I thought we would miss this turf disease in 2000 because the weather was initially dry. This fungal disease is commonly associated with cool, damp weather in spring and fall. Recent changes in weather conditions have produced sightings of red thread in central and northern parts of Illinois. The fungus that causes this disease forms conspicuous, coral pink or red threadlike masses on the grass blades and leaf sheaths. In the morning dew, the color is even more evident. As the disease progresses, the blades die from the tip downward. The diseased turf is eventually bleached tan, yellowed, or scorched in circular to irregular patches. These patches may be anywhere from 1 to 2 inches in diameter. Because the dead leaves are generally interspersed with apparently healthy leaves, the turf will appear scorched and ragged. If that is the case, look at the turf in the early morning to confirm or rule out this disease.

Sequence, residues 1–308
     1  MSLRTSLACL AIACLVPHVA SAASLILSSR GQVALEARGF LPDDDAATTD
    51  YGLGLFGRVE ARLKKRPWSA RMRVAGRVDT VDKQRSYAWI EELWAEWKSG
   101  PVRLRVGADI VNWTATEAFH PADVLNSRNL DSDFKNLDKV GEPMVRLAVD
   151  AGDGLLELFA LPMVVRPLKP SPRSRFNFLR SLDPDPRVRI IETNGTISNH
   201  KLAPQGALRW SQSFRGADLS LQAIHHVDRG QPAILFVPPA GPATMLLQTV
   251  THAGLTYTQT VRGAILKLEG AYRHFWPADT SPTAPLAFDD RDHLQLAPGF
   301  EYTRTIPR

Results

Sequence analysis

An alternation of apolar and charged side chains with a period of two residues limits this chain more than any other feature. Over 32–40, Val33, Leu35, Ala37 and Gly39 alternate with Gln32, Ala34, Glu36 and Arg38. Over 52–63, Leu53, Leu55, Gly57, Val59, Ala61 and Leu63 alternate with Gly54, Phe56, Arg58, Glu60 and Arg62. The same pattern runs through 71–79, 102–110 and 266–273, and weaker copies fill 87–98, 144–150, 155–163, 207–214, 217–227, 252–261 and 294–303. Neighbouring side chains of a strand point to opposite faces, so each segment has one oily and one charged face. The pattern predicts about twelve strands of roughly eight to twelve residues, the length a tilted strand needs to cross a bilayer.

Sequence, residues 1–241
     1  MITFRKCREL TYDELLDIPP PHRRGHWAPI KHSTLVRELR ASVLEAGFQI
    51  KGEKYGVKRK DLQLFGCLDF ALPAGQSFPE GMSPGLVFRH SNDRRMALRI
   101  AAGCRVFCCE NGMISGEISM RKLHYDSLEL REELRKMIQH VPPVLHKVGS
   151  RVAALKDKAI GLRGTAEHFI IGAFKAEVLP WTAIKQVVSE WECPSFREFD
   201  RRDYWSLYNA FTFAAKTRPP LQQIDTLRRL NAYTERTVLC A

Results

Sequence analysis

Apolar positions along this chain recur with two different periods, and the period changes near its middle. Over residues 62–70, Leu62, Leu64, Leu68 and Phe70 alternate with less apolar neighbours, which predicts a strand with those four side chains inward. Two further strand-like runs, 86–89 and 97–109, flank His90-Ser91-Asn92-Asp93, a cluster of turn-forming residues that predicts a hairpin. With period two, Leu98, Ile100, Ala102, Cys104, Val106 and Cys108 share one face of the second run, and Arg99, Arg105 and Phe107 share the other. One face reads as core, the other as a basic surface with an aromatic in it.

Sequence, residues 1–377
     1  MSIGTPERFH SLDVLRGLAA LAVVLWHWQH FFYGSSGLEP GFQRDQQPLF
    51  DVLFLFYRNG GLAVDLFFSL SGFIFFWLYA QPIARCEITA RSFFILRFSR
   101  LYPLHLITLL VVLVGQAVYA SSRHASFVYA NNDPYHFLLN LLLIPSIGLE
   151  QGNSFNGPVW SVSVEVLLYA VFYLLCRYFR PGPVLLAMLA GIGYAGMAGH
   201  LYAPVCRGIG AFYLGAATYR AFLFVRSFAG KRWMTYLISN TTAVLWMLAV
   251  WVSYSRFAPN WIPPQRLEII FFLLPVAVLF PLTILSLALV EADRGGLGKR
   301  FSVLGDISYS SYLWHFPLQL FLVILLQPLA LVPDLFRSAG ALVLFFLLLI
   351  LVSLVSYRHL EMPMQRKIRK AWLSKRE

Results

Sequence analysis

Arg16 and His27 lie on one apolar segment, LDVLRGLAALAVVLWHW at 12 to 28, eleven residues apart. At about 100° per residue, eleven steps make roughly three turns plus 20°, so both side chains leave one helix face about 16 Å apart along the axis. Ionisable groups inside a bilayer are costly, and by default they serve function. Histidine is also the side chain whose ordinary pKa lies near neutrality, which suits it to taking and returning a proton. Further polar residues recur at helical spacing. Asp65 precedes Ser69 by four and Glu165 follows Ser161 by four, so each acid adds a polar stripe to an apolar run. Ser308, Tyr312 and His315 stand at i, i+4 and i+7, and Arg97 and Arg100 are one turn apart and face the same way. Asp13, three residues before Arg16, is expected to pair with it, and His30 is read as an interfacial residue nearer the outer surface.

Red thread rarely kills turf plants, but it may weaken them and contribute to decline or infection by other diseases or weather stress. The disease is par-ticularly prevalent on slow-growing, nitrogen-deficient turf. It is also favored by excess thatch, low calcium levels in the soil, water stress, a sudden drop in temperature, and misused herbicides. By correcting these stress factors, you will be moving toward control of the disease. Often a fertilization treatment will correct the problem, but red thread may occur even on well-fertilized lawns.
If you have a problem with this disease, put the mower bag back on the mower, and collect the clip-pings. The fungus will remain viable on the clippings, so you want to remove that inoculum from the lawn. Some bluegrass varieties with resistance to the red thread fungus are listed in RPD No. 413. Check with your local seed source for availability of other sources of resistance, and rake and reseed now if your lawn is severely affected. Chemical options are not the usual avenue of red thread control.